Phil Halling speaks with

1. How long have you been in our trade?

Phil Halling:
I started part-time as a schoolboy in 1972 signwriting and painting vehicles for a local sign company.

2. What made you want to get involved in sign making?

Phil Halling:
When I was about 11-12 I picked up a “woollies” brush, a tin of Humbrol and scrawled my name. I thought at the time, That looks good, it was easy and do people get paid for this?. The rest, as they say, is history.

3. If you were able to start over, is there anything you would do differently?

Phil Halling:
The one thing I would change is that I would charge more from the offset,
When I went self-employed in 1980 I was up against an old signwriter who had got the bulk of the work in my area. He had made most of his money in the 50’s so he was doing lorry cabs for a bottle of scotch or so and I like a fool tried to compete with him – the end result was it took me at least 8 years or so to get the local clientele paying proper prices for the work.

4. If you had a choice just now, what piece of equipment would you most like to own, & why?

Phil Halling:
I think with retrospect I would like to have at least two large format printers, The aggravation caused when your only machine breaks down cannot be put into words, especially when you are having to outsource printing at 5 or 6 times the price you can produce in house.

5. How do you feel your business has developed, since starting?

Phil Halling:
Since starting the business has taken quite a few diversifications, from traditional signwriting we went into vinyl about 1990 and that was good to start with until the equipment got too affordable and what I call “cheque book sign makers” appeared on the scene, anybody with a redundancy payout or insurance payout or whatever suddenly could set themselves up as sign makers. Unfortunately, they caused, in my area, stupid pricing as most were not dependant on the signs as the main income.
At this point, about 1997 we re-assessed the business and came to the conclusion that the major profit area was applying graphics, rather than production, so we got rid of all the equipment, 3 plotters, a colour camm, workshops, stock etc. and concentrated on freelance applications and technical advice to some of the new up and coming sign companies.
Early this year a production opportunity came along that was too good to miss so we re-invested in equipment, premises etc. and started to produce our own graphics/prints etc. whilst still maintaining our freelance application services. Over the years we have got onto the 3M applicators list, we are Avery Dennison approved applicators and VWS accredited.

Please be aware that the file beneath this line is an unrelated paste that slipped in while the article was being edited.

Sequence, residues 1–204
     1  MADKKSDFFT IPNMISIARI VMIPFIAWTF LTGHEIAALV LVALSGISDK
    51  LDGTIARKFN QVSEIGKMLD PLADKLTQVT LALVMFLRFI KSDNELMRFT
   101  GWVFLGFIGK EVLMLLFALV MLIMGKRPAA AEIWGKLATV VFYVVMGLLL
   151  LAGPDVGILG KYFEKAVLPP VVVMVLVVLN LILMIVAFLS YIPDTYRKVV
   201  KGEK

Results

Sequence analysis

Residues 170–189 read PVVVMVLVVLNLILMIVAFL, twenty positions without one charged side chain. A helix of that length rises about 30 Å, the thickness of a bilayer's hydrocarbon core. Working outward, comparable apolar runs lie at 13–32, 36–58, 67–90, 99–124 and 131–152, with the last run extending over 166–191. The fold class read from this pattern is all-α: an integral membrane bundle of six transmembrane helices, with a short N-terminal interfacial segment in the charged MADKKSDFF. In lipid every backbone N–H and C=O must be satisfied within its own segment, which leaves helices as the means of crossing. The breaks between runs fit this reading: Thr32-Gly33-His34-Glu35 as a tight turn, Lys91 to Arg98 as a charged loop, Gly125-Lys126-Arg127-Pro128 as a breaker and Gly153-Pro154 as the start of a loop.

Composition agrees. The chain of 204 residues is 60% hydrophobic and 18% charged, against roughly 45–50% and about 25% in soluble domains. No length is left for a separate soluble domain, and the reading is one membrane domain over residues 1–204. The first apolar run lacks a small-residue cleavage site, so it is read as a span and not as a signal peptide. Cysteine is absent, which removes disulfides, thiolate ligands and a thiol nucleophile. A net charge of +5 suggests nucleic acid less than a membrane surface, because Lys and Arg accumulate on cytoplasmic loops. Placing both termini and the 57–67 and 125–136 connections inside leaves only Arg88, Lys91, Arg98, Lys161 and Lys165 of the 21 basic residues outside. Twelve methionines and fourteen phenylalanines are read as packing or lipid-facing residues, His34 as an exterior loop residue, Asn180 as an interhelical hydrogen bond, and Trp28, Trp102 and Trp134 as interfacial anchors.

6. Do you have a chosen speciality?

Phil Halling:
Our chosen speciality is vehicle wrapping, which we have been involved with since about 2000. We do anything from race cars to taxis, promotional buses to minis. We also do a lot of fleet work as well, on the applications side we do all the ford and Mercedes vehicles for the RAC and regularly do 6 or 7 vehicles for TNT per week.

7. Is there a goal you aspire to?

Phil Halling:
Our aim is to be as good as it can get so that customers automatically associate us with good work and don’t feel the need to shop too far afield.
My own personal aspiration is to semi-retire while I am still young enough to enjoy it – although I don’t ever envisage total retirement after all this business is a way of life.

8. Who is your favourite supplier & why? (Regardless of size)

Phil Halling:
Our favourite supplier is pyramid basically because we have such a good relationship with our rep, who literally will move heaven & earth to get us what we require when we require it.

9. What is your pet HATE about the sign business?

Phil Halling:
My pet hate is NO forward planning – everybody thinks because all you do is push a few buttons on a computer, they can order work at 4 pm to be on site with a 4 man fitting crew at 7.30 the next day anywhere in the UK.

10, Do you find the internet helps your business?

Phil Halling:
The internet certainly helps in the fact that files, designs, measurements etc. are thrown around the ether quickly, saving so much time and travelling, enabling us to work within the above confines (see pet hate)

11. Has registering at been of benefit to your business, & if so. Why?

Phil Halling:
Being with uksb has helped us gain both information, and I hope, friends amongst the industry and if and when we get a problem it’s the first place I’d turn to for possible answers, there are a lot of knowledgable signmakers out there.

12. What would be your advice to someone just starting out in the sign business?

Phil Halling:
My main advice to anybody starting out would be: Look, Listen & Learn, you are never too old to learn another trick or technique. Never be satisfied with your last piece of work – that leads to complacency, and never charge too little, you can always come down but it is impossible to start raising prices.

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